Peugeot, GM target $2 billion in annual savings from alliance
GM to take 7% stake in French automaker
Photo credit: GM
DETROIT/PARIS -- PSA Peugeot Citroen has agreed to form an alliance with General Motors targeting $2 billion in annual savings within five years.
"This partnership brings tremendous opportunity for our two companies," GM CEO Dan Akerson said in a statement. "The alliance synergies, in addition to our independent plans, position GM for long-term sustainable profitability in Europe."
GM will take a 7 percent stake in Peugeot as part of a share issue by the French automaker, and the two companies will pool research and development, vehicle platforms and technologies.
GM said it expects to spend $400 million to $470 million for the 7-percent stake in Peugeot, Europe's No. 2 automaker behind Volkswagen AG. The final investment will be determined by market conditions when terms of the rights offering are set.
The agreement was announced after European markets closed.
In the statement, GM said the alliance is structured around two pillars:
The sharing of vehicle platforms, components and modules.
The creation of a global purchasing joint venture for the sourcing of commodities, components and other goods and services from suppliers with combined annual purchasing volumes of approximately $125 billion.
"Each company will continue to market and sell its vehicles independently and on a competitive basis," the statement said.
The cost gains from the deal, which will coincide with the joint development of new vehicle platforms, will be limited in the first two years of the deal but will eventually total $2 billion a year, split about equally, the companies said.
GM and Peugeot said the alliance will initially focus on small and midsized vehicles, MPVs and crossovers. The automakers may also develop a new common platform for low emission vehicles, with the first model expected to launch by 2016.
GM officials told analysts today the deal is expected to close and take effect by the second half of 2012.
The deal, which comes as both Peugeot and GM's Opel unit grapple with slow sales and overcapacity in Europe, has met with widespread skepticism among analysts and investors.
"This is not the type of solution we need to see in the European mass market, where capacity has to leave," Credit Suisse analyst Erich Hauser told investors in a note.
"PSA needs GM, but GM doesn't need PSA," said Matthew Stover, an analyst with New York-based Guggenheim Securities. "It's hard for me to figure out how this deal helps GM within Europe." Both automakers have excess capacity of about 25 percent in the region, Stover said, adding that the alliance risks "introducing complexity at a time when GM is at a very delicate point in its restructuring."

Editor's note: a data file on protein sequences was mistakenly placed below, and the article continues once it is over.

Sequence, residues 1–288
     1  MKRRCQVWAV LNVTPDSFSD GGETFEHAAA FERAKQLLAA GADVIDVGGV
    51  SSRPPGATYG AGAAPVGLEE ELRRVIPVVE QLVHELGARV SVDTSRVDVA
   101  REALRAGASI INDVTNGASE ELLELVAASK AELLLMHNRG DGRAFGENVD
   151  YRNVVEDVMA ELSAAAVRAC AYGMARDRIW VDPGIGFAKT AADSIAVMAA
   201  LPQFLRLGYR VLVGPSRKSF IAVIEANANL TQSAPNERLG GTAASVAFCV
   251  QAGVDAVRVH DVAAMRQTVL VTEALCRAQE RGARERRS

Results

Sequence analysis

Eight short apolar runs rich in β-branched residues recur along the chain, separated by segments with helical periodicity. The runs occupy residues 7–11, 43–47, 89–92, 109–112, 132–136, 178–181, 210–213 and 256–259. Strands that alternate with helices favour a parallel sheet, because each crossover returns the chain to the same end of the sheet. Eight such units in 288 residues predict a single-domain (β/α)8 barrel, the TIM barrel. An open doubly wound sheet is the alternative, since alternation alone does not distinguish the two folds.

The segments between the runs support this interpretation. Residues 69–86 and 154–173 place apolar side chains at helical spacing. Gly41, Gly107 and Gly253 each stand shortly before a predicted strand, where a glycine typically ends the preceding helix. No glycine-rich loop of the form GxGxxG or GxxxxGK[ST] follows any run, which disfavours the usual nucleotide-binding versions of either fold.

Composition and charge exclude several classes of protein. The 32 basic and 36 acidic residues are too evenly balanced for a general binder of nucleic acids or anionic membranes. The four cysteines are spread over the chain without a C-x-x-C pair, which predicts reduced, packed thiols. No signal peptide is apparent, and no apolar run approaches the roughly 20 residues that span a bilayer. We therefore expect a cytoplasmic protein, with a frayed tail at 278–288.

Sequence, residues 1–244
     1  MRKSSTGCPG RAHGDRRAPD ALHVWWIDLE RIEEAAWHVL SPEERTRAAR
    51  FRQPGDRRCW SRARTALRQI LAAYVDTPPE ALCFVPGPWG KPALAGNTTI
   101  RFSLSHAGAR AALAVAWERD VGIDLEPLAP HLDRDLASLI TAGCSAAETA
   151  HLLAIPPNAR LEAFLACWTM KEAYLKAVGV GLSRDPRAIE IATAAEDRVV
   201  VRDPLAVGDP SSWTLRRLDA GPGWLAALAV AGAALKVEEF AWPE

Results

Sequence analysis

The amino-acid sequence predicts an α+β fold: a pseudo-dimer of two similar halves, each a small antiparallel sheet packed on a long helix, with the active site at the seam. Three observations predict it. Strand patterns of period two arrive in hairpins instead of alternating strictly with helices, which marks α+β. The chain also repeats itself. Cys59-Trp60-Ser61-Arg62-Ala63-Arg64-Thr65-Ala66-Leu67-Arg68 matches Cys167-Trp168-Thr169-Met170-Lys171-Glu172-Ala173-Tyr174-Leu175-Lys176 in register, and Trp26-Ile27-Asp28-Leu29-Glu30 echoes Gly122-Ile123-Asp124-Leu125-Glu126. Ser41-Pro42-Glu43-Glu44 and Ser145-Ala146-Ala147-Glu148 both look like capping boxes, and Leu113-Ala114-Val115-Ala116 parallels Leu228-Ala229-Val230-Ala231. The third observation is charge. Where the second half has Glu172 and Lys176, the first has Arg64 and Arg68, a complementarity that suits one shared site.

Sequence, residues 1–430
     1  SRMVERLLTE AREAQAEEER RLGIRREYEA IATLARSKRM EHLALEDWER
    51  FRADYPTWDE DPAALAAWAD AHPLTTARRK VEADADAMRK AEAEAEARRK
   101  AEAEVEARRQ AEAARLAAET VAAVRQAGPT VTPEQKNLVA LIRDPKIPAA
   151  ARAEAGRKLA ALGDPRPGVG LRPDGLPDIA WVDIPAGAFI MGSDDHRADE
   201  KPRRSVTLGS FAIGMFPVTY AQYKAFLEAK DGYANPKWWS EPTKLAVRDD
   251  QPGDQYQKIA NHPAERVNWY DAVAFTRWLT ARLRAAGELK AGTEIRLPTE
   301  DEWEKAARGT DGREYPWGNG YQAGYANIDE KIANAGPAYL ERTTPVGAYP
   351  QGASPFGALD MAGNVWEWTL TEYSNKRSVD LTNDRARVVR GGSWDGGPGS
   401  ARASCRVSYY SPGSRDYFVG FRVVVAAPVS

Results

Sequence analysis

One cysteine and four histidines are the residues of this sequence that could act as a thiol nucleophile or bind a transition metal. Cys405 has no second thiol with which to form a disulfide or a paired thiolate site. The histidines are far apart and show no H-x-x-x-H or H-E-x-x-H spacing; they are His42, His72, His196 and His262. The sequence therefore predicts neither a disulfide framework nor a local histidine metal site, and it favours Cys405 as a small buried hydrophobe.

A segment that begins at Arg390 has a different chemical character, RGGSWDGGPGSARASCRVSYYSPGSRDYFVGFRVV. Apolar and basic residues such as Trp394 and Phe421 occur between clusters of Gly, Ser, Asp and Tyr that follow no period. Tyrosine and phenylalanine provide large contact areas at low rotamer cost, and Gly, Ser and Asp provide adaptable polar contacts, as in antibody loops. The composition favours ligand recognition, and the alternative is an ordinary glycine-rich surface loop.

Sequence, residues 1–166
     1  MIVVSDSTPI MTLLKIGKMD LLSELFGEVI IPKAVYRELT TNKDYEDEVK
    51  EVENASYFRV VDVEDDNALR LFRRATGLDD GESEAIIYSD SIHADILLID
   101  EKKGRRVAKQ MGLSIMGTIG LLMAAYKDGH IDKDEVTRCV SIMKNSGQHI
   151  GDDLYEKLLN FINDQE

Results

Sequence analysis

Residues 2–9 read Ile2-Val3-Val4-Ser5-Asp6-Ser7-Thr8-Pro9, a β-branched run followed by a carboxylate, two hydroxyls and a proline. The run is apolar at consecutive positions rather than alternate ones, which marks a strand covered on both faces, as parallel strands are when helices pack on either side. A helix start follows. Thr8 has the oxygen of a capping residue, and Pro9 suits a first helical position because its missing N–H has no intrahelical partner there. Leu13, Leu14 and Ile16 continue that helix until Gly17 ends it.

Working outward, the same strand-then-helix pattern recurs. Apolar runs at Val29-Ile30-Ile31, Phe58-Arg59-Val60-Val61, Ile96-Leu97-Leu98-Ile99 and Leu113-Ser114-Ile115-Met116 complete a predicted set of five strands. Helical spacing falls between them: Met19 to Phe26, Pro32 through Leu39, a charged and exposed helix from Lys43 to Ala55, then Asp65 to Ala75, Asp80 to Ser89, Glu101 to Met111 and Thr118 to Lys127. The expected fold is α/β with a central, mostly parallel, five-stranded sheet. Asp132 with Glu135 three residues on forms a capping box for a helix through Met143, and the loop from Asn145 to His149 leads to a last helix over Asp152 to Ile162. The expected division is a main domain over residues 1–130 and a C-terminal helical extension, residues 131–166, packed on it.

"PSA needs GM, but GM doesn't need PSA," said Matthew Stover, an analyst with New York-based Guggenheim Securities. "It's hard for me to figure out how this deal helps GM within Europe."
Both automakers have excess capacity of about 25 percent in the region, Stover said, adding that the alliance risks "introducing complexity at a time when GM is at a very delicate point in its restructuring."
The alliance with Peugeot is the first deal GM has reached with an automaker since its 2009 bankruptcy.
In 2005 and 2006, several years before its bankruptcy, GM sold off stakes in Japan's Suzuki Motor Corp., Isuzu Motors and Fuji Heavy Industries Ltd. to raise cash. GM also explored mergers with U.S. rivals Chrysler and Ford Motor Co. prior to its 2009 restructuring.
GM has undertaken European partnerships in the past but with mixed results.
In 2005, GM doled out $2 billion to Fiat to end a failed alliance after 5 years. The next year, GM scuttled a partnership with Renault-Nissan that had been championed by then-shareholder Kirk Kerkorian.
PSA Peugeot has been more successful with targeted alliances across Europe, including joint ventures to build commercial vans with Fiat and engines with BMW AG.
A top Peugeot official said it would consult with engine partners BMW and Ford about any new alliances with GM or any other automakers.
"If there's any agreement that goes beyond our existing partnerships, each of those partnerships will have to evaluate what can be done," PSA industrial director Guillaume Faury told reporters at a briefing on Tuesday.
Peugeot makes diesel powertrains with Ford. The U.S. automaker today had no immediate concerns about the potential linkup between Peugeot and GM.
"Ford and PSA have a successful, long-term diesel engine cooperation," a statement from Ford said. "PSA has a history of working with other automakers, and that has never compromised their relationship with us.
"We have built about 16.5 million diesel engines together over the past decade. With the potential to build up to three million engines a year, Ford and PSA are at the forefront of high efficiency, low CO2 diesel engine technology."
BMW declined to comment on the partnership.
Like Peugeot, Opel is struggling to reverse mounting European losses compounded by the region's auto sales slump and cut-throat price competition. GM's European operations lost $747 million last year, while Peugeot's core auto division was $664 million in the red in the second half.
The Peugeot family, which owns just over 30 percent of the car maker, has signaled that it would not be opposed to some dilution providing it remained the principal shareholder.
Reuters, Bloomberg, David Phillips and Mike Colias contributed to this reportContact Automotive News